Tuesday, June 25, 2024
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Ontario Creates Council on US trade and industry competitiveness

TORONTO, Canada — The Ontario government announced the creation of the premier’s Council on US trade and industry competitiveness; chaired by Unifor National president Jerry Dias, will provide advice and recommendations on the government’s ongoing efforts to rally business leaders, elected officials and labour leaders to protect Ontario’s rights under trade agreements and the workers who depend on a secure, prosperous and integrated North American economy. Vic Fedeli, minister of economic development, job creation and trade; and Jerry Dias will work together in the coming days to appoint additional membership to the Council.

“I am proud to stand shoulder to shoulder with Jerry Dias as we work together to protect an integrated economy that employs millions of workers on both sides of the border,” said premier Doug Ford. “At a time when we’re on the cusp of unleashing the full potential of Ontario’s auto sector as we build an economy that will compete globally, now is not the time to rip up decades of cooperation and put workers on both sides of the border at risk.”

Currently, the US Congress is debating protectionist measures that would threaten industries across Ontario, including auto, lumber, steel, agriculture and more. Of particular importance, these measures would impact auto agreements that began in 1965 with the Auto Pact, were solidified in 1994 by NAFTA and re-affirmed in 2020 with the Canada-United States-Mexico Agreement. These agreements have brought prosperity and high-skilled, well-paying jobs to workers and communities across North America for more than half a century.

“If Ontario were a country, we would be the third-largest trading partner to the United States,” said minister Fedeli. “The fact is, Ontario is a critical partner to more than half the states of the union. That is why when previous American administrations have threatened to create trade barriers, Ontario has taken a Team Canada approach with our partners, other provinces, and the federal government to successfully secure our trade interests. This new Council, with the full support of our government, will continue to advocate for Ontario against unfair Buy American policies by highlighting the cost of protectionism to businesses on both sides of the border and promoting a Buy North American approach to our auto sector.”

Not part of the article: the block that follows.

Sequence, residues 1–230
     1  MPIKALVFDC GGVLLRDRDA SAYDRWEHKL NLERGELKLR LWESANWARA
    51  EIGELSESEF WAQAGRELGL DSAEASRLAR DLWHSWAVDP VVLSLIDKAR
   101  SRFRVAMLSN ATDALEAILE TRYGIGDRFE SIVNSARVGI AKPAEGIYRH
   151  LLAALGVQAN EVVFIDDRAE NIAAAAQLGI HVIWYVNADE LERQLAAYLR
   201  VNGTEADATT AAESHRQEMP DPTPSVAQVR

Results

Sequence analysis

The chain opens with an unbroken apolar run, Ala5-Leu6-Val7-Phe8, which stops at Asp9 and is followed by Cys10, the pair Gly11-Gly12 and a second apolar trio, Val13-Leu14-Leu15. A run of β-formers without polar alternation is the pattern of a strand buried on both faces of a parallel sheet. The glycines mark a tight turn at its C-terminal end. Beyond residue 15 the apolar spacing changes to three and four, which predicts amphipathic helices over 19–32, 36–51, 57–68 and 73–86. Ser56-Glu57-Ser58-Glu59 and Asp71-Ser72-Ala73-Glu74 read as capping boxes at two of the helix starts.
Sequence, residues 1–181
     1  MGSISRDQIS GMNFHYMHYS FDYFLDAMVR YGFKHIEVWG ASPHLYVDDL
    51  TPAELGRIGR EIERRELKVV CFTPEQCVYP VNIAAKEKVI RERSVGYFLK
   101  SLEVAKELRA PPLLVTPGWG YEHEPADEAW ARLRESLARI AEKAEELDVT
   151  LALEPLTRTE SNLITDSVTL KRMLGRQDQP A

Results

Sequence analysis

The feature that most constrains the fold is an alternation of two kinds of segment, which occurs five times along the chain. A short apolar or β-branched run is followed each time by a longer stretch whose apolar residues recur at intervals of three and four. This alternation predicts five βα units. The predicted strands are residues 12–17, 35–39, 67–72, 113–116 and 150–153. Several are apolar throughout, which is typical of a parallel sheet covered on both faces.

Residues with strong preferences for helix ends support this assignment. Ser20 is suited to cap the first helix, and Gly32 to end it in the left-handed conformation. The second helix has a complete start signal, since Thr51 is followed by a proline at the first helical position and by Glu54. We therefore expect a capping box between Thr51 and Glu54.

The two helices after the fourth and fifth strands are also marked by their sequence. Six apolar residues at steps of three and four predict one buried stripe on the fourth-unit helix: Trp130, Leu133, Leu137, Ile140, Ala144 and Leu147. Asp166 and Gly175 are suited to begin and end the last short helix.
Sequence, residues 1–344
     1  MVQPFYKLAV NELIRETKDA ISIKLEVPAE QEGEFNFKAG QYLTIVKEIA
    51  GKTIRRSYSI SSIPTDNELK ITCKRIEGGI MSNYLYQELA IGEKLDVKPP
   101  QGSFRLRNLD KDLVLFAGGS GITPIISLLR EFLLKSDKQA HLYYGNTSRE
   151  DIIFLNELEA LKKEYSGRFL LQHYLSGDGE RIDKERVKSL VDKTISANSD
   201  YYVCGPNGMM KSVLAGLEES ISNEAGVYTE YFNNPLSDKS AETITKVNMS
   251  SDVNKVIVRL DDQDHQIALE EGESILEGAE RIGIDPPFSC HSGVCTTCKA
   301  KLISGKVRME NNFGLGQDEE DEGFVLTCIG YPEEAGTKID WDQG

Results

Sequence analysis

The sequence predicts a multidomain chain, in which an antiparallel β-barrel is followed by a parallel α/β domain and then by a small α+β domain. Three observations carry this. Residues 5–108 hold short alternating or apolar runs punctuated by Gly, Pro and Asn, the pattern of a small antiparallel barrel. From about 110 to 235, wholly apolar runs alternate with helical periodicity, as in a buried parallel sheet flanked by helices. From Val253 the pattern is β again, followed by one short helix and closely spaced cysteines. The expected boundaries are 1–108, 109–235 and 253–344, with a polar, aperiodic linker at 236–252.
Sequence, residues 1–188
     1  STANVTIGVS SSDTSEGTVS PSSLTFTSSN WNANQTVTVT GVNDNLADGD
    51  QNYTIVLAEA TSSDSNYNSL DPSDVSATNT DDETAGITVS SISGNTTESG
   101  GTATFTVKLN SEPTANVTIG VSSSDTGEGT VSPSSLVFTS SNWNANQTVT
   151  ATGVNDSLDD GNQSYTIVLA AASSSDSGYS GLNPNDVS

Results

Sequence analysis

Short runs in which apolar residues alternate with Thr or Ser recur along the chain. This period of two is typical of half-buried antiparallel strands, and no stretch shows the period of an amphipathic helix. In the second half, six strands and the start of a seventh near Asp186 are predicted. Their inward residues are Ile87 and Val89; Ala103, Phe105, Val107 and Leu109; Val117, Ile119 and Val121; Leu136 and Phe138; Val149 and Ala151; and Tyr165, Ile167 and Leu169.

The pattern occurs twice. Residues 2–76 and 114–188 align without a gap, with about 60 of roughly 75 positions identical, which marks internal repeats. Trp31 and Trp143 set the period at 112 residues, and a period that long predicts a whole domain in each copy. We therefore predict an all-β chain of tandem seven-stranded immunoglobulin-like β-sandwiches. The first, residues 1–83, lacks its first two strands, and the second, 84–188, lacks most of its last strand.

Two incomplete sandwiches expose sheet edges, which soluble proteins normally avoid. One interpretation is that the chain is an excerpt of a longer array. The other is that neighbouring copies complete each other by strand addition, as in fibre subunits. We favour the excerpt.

“We are at a critical juncture in our relationship with the United States, with coordinated action between government and labour urgently needed to protect jobs and the economy,” said Unifor National president Jerry Dias. “Unifor represents members in multiple sectors that rely on integrated trade with America. I look forward to leading this new Council to find solutions on behalf of our members and of all workers across Ontario.”

The chair, together with other members of the Council, will build on work already undertaken to engage key allies and people with influence south of the border. The Council will partner with The Government of Ontario’s Agents-Generals and other representatives in the United States, along with the federal government to make sure Ontario’s case is heard loud and clear in Washington, DC. They will also advocate and engage industry partners across the United States, particularly with Great Lakes states where existing supply chains are inextricably integrated with Ontario industries and vulnerable to disruption by protectionist measures currently being debated by the US Congress.

Quick facts

  • Two-way trade between Ontario and the US totalled CAD $358 billion in 2020, accounting for 53 percent of the total merchandise trade between Canada and the US
  • Vehicle assembly and auto parts production directly supports nearly 100,000 Ontario jobs, with hundreds of thousands more spin-off jobs in communities across the province.
  • Launched in November 2021, Phase 2 of Driving Prosperity ― The Future of Ontario’s Automotive Sector focuses on transforming province’s automotive supply chain to build the car of the future.


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